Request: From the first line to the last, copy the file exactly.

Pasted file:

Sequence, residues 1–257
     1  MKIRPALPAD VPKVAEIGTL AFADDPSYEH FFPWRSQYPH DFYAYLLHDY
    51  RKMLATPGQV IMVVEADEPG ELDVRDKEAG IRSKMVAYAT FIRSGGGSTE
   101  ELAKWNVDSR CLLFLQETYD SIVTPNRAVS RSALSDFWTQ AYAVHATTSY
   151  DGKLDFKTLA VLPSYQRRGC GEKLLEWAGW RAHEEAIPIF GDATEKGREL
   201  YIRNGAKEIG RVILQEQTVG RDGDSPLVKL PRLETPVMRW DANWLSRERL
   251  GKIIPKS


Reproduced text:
Sequence, residues 1–257
     1  MKIRPALPAD VPKVAEIGTL AFADDPSYEH FFPWRSQYPH DFYAYLLHDY
    51  RKMLATPGQV IMVVEADEPG ELDVRDKEAG IRSKMVAYAT FIRSGGGSTE
   101  ELAKWNVDSR CLLFLQETYD SIVTPNRAVS RSALSDFWTQ AYAVHATTSY
   151  DGKLDFKTLA VLPSYQRRGC GEKLLEWAGW RAHEEAIPIF GDATEKGREL
   201  YIRNGAKEIG RVILQEQTVG RDGDSPLVKL PRLETPVMRW DANWLSRERL
   251  GKIIPKS